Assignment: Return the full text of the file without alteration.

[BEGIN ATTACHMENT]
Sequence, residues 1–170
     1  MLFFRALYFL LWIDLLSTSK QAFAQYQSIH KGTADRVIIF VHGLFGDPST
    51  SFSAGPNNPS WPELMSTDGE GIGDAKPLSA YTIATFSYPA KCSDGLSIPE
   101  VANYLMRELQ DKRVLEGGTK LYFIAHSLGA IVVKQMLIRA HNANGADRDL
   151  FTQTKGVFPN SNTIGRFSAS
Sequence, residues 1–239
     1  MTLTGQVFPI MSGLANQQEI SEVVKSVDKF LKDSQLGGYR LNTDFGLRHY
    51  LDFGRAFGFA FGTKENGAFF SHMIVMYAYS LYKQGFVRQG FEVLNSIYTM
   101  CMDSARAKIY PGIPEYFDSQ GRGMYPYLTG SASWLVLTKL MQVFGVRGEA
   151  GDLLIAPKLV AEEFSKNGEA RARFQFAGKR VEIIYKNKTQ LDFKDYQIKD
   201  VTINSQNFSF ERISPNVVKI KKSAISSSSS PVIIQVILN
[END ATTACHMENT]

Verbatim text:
Sequence, residues 1–170
     1  MLFFRALYFL LWIDLLSTSK QAFAQYQSIH KGTADRVIIF VHGLFGDPST
    51  SFSAGPNNPS WPELMSTDGE GIGDAKPLSA YTIATFSYPA KCSDGLSIPE
   101  VANYLMRELQ DKRVLEGGTK LYFIAHSLGA IVVKQMLIRA HNANGADRDL
   151  FTQTKGVFPN SNTIGRFSAS
Sequence, residues 1–239
     1  MTLTGQVFPI MSGLANQQEI SEVVKSVDKF LKDSQLGGYR LNTDFGLRHY
    51  LDFGRAFGFA FGTKENGAFF SHMIVMYAYS LYKQGFVRQG FEVLNSIYTM
   101  CMDSARAKIY PGIPEYFDSQ GRGMYPYLTG SASWLVLTKL MQVFGVRGEA
   151  GDLLIAPKLV AEEFSKNGEA RARFQFAGKR VEIIYKNKTQ LDFKDYQIKD
   201  VTINSQNFSF ERISPNVVKI KKSAISSSSS PVIIQVILN